The NIH recently released a Request for Information on “Updating the NIH Mission Statement” that I find puzzling. It proposes to change the official NIH mission to as to stop trying to “reduce disabilities.” Either this is purely a matter of semantics and won’t affect research investments (in which case the NIH is wasting time and money on the exercise), or else it
Related from ACX https://open.substack.com/pub/astralcodexten/p/contra-the-social-model-of-disability
I sympathise, but only to some extent. By riffing on semantics over substance you are missing something important - that there are different models, different semantics if you like, of disability. One of these is the social model of disability, which rightly needs to be given prominence alongside or even instead of the medical model.
Thanks for taking the time to discuss this. It is curious to me that, as pointed out in your extended quote by DeBoer, some factions place exquisite emphasis on nuanced meaning of words, but then overlook it elsewhere, or make up their own meanings which they insist others follow. An example of the later occurs above as Mañana tries to draw a distinction between impairment and disability. But the words simply don't mean this, even if one wants them to. If one lacks the ability to see, they have a disability . This is all it means and has nothing to do with society or culture.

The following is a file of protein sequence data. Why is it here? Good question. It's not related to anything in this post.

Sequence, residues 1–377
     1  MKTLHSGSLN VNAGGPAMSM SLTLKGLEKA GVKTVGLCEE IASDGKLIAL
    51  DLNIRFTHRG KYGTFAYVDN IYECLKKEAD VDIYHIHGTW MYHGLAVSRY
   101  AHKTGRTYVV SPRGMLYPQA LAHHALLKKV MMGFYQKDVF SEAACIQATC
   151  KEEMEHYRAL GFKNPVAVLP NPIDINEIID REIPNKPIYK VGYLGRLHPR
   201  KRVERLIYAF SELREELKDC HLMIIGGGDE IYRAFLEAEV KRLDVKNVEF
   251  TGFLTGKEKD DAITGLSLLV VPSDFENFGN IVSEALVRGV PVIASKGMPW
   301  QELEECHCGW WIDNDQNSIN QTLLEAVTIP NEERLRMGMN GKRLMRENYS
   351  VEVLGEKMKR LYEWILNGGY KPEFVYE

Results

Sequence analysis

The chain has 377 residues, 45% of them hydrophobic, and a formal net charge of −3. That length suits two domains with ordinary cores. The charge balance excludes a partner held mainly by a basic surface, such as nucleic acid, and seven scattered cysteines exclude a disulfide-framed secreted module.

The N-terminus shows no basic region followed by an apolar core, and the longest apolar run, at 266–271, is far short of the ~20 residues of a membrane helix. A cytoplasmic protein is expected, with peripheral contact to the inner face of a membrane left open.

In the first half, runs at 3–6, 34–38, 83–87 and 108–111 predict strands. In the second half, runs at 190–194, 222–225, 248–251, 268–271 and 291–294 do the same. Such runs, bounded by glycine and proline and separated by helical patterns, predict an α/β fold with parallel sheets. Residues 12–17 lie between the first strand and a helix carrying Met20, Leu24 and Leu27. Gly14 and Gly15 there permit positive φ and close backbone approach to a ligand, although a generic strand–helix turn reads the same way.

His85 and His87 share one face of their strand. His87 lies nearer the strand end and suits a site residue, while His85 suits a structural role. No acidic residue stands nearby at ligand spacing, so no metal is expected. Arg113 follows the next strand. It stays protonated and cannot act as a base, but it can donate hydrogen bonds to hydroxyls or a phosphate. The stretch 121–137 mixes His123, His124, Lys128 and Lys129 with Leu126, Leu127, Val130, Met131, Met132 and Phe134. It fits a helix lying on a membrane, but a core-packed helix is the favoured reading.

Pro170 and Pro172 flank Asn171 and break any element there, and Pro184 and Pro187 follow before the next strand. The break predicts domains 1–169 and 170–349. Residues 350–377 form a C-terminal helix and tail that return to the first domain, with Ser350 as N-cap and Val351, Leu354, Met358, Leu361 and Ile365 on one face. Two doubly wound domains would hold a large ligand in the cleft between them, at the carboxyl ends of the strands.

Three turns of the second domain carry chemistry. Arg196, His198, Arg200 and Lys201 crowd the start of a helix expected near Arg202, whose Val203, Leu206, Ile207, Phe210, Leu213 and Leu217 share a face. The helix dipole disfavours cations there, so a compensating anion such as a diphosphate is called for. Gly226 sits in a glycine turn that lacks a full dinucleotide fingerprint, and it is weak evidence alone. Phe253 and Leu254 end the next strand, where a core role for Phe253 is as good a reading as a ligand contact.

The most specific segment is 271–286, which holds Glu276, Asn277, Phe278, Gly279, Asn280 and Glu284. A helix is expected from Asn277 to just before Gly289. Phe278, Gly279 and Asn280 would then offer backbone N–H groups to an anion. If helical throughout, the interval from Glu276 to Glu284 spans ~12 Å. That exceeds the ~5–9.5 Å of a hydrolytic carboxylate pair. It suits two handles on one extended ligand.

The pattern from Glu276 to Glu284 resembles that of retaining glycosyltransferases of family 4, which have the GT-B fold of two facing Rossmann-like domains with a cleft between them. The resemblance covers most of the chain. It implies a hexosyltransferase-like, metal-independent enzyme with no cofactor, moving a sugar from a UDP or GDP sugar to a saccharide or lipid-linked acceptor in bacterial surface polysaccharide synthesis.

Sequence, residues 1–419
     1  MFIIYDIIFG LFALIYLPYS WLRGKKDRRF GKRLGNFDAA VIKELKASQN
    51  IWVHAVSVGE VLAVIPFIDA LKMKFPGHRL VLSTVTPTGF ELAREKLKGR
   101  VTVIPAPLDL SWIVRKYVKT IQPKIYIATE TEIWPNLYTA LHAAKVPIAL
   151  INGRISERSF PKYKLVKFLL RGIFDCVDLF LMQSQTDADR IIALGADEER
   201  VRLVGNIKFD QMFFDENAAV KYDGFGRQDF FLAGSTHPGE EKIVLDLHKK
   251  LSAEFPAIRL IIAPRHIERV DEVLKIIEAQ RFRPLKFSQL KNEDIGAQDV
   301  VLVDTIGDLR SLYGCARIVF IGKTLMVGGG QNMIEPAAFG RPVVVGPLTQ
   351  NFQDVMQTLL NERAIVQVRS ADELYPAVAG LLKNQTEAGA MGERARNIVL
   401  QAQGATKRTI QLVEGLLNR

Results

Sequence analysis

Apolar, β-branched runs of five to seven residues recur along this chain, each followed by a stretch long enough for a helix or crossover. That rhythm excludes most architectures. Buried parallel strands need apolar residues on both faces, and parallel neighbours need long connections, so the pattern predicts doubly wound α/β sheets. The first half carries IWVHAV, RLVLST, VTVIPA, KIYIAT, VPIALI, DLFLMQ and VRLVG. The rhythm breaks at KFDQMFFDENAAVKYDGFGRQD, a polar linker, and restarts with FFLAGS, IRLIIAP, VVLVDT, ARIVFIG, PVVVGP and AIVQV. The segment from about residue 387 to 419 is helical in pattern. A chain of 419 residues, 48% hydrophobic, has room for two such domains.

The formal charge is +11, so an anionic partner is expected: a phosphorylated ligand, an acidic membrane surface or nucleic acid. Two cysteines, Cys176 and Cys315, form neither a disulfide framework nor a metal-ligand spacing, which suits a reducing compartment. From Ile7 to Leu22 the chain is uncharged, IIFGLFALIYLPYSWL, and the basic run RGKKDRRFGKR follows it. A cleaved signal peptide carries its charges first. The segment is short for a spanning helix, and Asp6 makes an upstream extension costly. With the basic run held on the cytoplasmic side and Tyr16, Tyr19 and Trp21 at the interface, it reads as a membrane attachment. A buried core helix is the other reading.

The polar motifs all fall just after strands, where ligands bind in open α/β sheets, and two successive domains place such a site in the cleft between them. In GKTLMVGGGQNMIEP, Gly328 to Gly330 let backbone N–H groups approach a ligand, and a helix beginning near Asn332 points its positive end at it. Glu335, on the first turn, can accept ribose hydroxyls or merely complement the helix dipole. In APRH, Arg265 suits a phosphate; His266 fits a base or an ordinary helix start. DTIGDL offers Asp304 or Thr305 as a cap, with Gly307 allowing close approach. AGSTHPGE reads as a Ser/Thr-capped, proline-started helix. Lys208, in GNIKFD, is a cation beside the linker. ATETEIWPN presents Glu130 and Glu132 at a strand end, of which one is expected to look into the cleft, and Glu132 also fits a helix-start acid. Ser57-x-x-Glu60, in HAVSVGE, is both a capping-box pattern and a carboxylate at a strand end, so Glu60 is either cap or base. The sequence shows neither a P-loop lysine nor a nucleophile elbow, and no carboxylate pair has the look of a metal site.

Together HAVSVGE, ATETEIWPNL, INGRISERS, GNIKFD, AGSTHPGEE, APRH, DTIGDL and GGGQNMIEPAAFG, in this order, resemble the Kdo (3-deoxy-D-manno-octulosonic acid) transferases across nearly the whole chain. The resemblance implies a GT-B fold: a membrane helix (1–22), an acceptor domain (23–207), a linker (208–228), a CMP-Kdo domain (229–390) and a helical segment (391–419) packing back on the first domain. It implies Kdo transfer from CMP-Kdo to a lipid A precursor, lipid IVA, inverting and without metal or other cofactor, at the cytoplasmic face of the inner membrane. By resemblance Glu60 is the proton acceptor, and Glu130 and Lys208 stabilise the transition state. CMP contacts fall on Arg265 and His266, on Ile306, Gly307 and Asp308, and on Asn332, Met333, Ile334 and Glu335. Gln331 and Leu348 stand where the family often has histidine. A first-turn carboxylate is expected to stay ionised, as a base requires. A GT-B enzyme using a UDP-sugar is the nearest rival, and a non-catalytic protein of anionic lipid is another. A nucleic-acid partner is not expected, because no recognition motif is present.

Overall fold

An example of the former (inconsistent emphasis on precision) occurs in the new mission statement itself. In the original statement the phrase "To seek fundamental knowledge" applies to nature, behavior and applications. The mission remains a a knowledge-generating mission in all of these areas, which is consistent with our understanding of what NIH does. In the new construction, we are seeking knowledge about nature and behavior, but now we are applying , rather than seeking knowledge about applications. This fundamental changes the mission. HRSA, AHRQ, CMS and others are implementation agencies. NIH is not. I am pretty sure that they did not intend to change the mission of the NIH, yet this sort of carelessness can have implications later on.